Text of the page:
constantia

See also: Constantia

LatinEdit

EtymologyEdit

From present-participle stem of constare (to stand together)

PronunciationEdit

NounEdit

cōnstantia f (genitive cōnstantiae); first declension

  1. firmness, steadiness, constancy, perseverance
  2. agreement, harmony
  3. (of character) steadfastness, immovability, constancy

DeclensionEdit

First-declension noun.

Case Singular Plural
Nominative cōnstantia cōnstantiae
Genitive cōnstantiae cōnstantiārum
Dative cōnstantiae cōnstantiīs
Accusative cōnstantiam cōnstantiās
Ablative cōnstantiā cōnstantiīs
Vocative cōnstantia cōnstantiae

SynonymsEdit

Related termsEdit

DescendantsEdit

ReferencesEdit

  • constantia in Charlton T. Lewis and Charles Short, A Latin Dictionary, Oxford: Clarendon Press, 1879
  • constantia in Charlton T. Lewis, An Elementary Latin Dictionary, New York: Harper & Brothers, 1891
  • constantia in Charles du Fresne du Cange’s Glossarium Mediæ et Infimæ Latinitatis (augmented edition, 1883–1887)
  • constantia in Gaffiot, Félix, Dictionnaire illustré Latin-Français, Hachette, 1934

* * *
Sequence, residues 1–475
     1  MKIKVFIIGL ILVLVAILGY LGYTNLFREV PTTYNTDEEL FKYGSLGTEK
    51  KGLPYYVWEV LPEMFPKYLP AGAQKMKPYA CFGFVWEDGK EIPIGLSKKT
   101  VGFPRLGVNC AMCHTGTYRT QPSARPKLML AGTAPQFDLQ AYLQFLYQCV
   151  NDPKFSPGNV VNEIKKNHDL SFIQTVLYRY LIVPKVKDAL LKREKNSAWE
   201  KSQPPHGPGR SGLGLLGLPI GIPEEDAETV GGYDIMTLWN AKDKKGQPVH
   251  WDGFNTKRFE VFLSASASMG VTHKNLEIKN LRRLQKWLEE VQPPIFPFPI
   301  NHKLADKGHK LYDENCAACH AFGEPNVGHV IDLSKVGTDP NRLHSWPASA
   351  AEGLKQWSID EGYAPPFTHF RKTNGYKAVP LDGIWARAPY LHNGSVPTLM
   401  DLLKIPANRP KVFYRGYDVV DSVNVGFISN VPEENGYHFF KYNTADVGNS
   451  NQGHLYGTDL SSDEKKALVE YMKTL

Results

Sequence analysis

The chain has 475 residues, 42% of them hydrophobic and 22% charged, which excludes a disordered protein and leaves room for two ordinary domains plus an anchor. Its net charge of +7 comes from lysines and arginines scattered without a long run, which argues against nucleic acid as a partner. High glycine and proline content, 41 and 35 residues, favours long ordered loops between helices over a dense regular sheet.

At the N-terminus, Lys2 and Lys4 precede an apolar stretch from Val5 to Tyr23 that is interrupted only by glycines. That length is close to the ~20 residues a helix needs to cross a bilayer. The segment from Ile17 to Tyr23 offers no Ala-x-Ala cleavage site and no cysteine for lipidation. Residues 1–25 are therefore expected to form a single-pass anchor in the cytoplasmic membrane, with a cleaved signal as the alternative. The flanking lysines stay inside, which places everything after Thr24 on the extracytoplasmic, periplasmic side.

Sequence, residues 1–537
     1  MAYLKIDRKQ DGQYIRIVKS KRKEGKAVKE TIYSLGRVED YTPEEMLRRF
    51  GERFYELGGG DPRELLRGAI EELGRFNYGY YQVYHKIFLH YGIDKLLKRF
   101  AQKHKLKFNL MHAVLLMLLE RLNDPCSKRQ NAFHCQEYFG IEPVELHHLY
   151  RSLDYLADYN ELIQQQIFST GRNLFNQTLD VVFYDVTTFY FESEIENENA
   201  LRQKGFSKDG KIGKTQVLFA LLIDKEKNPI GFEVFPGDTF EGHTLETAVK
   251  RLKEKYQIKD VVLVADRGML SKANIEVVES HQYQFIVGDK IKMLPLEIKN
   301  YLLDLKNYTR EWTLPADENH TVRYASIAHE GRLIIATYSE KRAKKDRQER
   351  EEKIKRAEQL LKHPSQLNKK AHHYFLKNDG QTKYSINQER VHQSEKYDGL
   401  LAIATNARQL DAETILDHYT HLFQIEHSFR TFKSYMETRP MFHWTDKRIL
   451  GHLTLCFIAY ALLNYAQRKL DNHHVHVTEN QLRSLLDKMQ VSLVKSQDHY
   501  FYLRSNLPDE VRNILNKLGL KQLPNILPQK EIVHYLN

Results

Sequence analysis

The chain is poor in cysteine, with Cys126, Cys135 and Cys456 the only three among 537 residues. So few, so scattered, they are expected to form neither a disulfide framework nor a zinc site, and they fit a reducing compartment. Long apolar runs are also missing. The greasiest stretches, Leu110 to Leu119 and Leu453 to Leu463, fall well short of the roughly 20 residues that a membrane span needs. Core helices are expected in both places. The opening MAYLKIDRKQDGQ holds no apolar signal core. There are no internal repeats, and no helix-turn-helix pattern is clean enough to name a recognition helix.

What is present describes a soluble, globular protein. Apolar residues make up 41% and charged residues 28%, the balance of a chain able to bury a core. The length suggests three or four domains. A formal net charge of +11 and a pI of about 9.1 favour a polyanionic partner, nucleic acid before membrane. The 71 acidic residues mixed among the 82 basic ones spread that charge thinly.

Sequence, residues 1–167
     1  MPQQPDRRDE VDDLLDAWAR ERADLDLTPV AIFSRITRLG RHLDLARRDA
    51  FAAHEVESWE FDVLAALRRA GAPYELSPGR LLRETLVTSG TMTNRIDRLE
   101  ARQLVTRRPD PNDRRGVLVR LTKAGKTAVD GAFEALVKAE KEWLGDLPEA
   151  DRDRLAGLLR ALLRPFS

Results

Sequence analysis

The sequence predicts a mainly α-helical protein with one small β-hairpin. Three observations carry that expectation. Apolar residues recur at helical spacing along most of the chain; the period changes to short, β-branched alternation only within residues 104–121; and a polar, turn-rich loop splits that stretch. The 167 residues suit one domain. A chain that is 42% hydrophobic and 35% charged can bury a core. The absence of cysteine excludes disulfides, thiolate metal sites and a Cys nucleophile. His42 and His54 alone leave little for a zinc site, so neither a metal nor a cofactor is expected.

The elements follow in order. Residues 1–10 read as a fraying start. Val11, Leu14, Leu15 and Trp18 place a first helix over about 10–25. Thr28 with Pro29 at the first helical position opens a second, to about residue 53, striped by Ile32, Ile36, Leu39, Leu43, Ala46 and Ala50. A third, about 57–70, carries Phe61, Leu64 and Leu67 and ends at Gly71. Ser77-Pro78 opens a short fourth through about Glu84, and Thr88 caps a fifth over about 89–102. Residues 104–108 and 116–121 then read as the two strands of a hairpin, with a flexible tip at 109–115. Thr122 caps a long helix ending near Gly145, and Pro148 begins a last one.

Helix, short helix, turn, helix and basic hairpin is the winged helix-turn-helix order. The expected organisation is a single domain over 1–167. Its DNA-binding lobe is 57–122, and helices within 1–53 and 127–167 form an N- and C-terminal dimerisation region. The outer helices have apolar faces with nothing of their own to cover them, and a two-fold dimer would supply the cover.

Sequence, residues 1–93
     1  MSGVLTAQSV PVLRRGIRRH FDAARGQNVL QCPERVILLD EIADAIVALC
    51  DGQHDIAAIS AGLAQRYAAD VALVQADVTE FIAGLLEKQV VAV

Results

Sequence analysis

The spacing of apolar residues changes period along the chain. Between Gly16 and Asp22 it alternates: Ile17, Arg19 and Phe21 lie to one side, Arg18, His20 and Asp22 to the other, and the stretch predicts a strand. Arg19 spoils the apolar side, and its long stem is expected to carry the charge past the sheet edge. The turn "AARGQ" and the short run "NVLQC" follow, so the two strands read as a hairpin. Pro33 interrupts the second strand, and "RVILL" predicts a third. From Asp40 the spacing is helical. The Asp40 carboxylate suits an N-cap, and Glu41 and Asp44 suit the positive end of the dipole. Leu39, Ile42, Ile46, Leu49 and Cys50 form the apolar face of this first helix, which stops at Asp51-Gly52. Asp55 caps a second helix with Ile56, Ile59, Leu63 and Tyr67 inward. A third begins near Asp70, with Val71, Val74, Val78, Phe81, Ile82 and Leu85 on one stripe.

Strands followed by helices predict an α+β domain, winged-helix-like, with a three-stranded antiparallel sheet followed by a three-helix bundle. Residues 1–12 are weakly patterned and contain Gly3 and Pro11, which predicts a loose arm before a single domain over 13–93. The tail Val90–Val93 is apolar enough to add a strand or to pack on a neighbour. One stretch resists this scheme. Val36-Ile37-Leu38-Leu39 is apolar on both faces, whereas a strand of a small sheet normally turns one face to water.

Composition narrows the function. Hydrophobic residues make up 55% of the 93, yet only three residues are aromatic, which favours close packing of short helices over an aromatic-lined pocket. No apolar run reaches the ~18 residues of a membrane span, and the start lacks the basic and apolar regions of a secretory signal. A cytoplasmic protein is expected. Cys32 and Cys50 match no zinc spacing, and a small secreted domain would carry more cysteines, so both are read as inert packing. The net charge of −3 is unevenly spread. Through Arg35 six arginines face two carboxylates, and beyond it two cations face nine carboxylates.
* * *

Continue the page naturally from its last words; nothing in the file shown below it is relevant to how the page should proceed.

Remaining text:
• Carl Meissner; Henry William Auden, Latin Phrase-Book[1], London: Macmillan and Co., 1894
    • logical consistency: perpetuitas et constantia (Tusc. 5. 10. 31)
    • consistency: constantia (opp. inconstantia) (Tusc. 5. 11. 32)
    • to be calm, self-possessed: constantiam servare
  • constantia in Harry Thurston Peck, editor, Harper's Dictionary of Classical Antiquities, New York: Harper & Brothers, 1898
  • constantia in William Smith, editor, A Dictionary of Greek Biography and Mythology, London: John Murray, 1848
  • constantia in William Smith, editor, A Dictionary of Greek and Roman Geography, volume 1 & 2, London: Walton and Maberly, 1854, 1857
  • constantia in Richard Stillwell et al., editor, The Princeton Encyclopedia of Classical Sites, Princeton, N.J.: Princeton University Press, 1976